California Should Quickly Change Bilingual Schools, Evaluate Result

Despite opposition by certain immigrant groups, teachers’ unions and an entrenched bilingual bureaucracy, more than three out of five California voters last week opted to ban bilingual education in favor of a program of ”English immersion.”

While many of those who objected to the ballot initiative would like everyone to think the vote was a result of anti-immigrant feelings running rampant in the United States, that assessment is too simplistic.

Some people voted to end bilingual education because of bigotry, but certainly not all. In fact, 37 percent of voters of Hispanic heritage and 57 percent of voters of Asian heritage voted in favor of changing the way California educates children whose primary language is something other than English.

During the campaign quite a number of immigrant parents were vocal in their support of change.

Among other things, they claimed their children were falling behind beause their attention was divided between English and another language, mainly Spanish. Their ability to communicate in either suffered.

Bilingual education tended to isolate their children away from the mainstream, they said. They feared their children would emerge from the school system without the English-language skills needed to prosper in American society.

Educating students in American schools can be a tough assignment even if they are fluent in English. Doing the job when their English is halting at best adds immeasurably to the difficulty.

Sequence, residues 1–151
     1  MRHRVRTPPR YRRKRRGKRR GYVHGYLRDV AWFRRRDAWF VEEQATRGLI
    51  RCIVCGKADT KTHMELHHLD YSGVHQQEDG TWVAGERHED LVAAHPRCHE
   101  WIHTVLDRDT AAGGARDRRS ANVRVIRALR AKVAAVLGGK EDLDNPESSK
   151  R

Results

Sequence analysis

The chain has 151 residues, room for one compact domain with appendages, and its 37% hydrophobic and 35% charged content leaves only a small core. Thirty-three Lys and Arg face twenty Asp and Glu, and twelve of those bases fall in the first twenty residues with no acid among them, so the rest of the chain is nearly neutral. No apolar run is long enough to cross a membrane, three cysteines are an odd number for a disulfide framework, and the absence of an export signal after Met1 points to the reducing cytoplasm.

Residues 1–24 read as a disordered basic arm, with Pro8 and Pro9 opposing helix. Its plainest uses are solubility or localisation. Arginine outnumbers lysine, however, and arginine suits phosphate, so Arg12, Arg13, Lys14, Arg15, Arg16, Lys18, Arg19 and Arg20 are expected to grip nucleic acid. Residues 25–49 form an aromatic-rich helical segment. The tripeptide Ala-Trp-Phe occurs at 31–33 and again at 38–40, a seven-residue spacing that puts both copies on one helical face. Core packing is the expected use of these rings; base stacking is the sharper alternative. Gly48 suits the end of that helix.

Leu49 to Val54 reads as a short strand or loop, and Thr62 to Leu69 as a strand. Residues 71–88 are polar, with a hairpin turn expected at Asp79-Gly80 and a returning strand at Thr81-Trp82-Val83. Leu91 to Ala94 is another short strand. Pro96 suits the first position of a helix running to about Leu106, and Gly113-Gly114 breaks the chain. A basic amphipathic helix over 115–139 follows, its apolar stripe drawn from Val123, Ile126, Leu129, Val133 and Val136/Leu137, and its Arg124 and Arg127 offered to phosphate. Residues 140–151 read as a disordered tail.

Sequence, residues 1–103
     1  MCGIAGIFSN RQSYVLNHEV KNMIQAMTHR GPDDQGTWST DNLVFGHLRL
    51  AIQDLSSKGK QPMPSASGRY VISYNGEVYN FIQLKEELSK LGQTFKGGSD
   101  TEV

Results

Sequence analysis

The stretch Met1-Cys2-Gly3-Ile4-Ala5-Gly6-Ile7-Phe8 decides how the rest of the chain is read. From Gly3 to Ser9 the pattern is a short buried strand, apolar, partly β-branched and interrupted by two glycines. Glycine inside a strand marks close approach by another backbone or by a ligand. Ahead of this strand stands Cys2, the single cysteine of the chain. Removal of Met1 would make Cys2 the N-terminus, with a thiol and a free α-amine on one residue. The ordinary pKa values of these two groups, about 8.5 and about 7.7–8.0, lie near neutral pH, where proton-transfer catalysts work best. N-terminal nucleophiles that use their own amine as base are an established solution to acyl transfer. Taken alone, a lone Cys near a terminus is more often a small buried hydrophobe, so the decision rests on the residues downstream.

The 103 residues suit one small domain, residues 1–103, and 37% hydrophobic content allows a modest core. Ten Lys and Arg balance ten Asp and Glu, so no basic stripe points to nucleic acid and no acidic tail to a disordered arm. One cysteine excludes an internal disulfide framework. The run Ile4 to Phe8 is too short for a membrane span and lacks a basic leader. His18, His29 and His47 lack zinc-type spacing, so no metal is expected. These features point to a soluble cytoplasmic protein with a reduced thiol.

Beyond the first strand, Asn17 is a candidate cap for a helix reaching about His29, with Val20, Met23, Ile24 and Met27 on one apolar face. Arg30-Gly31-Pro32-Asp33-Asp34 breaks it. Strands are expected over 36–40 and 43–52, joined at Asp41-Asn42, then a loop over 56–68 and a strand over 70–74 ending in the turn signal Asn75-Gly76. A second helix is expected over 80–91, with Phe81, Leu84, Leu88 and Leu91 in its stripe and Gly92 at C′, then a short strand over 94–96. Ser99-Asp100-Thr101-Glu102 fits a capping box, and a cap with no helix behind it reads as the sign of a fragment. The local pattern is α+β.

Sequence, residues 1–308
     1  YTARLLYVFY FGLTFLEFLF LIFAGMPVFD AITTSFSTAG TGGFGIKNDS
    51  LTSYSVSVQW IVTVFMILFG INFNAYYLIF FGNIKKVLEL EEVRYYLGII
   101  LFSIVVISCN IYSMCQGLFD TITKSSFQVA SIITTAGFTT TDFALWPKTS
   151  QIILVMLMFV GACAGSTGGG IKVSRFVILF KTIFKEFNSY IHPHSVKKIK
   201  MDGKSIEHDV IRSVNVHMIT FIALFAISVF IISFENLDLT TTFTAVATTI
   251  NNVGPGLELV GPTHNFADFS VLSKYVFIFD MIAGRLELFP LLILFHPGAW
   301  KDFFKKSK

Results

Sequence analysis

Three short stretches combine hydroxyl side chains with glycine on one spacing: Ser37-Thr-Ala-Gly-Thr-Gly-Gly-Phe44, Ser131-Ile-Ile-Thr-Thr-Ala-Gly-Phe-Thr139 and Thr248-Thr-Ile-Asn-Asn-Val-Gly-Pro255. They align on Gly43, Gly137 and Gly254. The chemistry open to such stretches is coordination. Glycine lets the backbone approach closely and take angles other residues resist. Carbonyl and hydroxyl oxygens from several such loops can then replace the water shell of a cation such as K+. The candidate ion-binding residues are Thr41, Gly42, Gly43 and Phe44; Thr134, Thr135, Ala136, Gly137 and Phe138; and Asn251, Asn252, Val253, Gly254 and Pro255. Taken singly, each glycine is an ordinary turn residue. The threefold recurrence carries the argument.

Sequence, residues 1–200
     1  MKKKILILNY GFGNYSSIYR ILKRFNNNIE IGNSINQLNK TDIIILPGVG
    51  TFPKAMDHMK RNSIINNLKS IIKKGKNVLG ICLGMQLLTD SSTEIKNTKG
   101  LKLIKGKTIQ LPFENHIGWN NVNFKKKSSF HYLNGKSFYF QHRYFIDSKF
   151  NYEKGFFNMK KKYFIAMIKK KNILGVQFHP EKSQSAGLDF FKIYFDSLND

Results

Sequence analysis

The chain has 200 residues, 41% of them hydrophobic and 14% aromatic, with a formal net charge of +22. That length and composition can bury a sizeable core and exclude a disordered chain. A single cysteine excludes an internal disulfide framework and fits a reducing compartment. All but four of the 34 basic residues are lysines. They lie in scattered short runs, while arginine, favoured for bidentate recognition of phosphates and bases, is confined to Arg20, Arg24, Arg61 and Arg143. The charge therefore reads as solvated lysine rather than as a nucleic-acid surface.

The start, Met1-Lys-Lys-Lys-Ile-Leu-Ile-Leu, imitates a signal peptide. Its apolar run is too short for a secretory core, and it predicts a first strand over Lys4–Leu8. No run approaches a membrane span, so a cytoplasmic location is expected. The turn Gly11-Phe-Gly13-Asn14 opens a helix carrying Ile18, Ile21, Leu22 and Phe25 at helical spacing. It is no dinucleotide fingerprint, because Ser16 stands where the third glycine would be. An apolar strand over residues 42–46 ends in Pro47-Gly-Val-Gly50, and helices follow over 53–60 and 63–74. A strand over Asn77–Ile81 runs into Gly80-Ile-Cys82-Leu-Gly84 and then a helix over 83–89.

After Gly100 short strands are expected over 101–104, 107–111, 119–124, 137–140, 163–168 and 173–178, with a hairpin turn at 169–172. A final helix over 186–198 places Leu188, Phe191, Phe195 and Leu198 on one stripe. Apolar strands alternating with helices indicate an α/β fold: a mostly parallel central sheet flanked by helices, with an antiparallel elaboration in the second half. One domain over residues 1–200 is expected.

Whether English immersion will prove more successful in California than bilingual education, time will tell. If the courts don’t get in the way of swift implementation of the will of California voters, then good base-line data will be available in a few years.

Children, of course, tend to learn at different rates. When it comes to learning English, the earlier the better. The risk in moving to English immersion is that students without a solid aptitude for language will not be able to function adequately in the public school system.

The risk of bilingual education is that they won’t be able to function well in the broader society.

The California data will prove vital in policy decisions throughout the country. If the data show English immersion is more effective than bilingual
education, then that is the way to go. If it demonstrates otherwise, then dumping bilingual education would, indeed, amount to anti-immigrant bigotry.

Policy-makers should ignore self-serving injunctions of pro- or anti-immigrant groups and entrenched bilingual bureaucracies.

Decisions should be based on the data, and the focus should be strictly on how best to educate the children.

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